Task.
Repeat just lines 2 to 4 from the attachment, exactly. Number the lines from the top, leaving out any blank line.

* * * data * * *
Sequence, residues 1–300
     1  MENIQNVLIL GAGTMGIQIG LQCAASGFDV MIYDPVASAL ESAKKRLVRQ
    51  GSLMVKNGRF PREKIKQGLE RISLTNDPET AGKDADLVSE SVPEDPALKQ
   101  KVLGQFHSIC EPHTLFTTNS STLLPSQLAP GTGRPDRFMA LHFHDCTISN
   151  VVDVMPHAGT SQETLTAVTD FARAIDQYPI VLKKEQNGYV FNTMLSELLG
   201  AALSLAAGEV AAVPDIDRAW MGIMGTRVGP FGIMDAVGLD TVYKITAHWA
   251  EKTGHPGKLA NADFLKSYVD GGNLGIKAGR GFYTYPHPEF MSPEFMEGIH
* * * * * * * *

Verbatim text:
     1  MENIQNVLIL GAGTMGIQIG LQCAASGFDV MIYDPVASAL ESAKKRLVRQ
    51  GSLMVKNGRF PREKIKQGLE RISLTNDPET AGKDADLVSE SVPEDPALKQ
   101  KVLGQFHSIC EPHTLFTTNS STLLPSQLAP GTGRPDRFMA LHFHDCTISN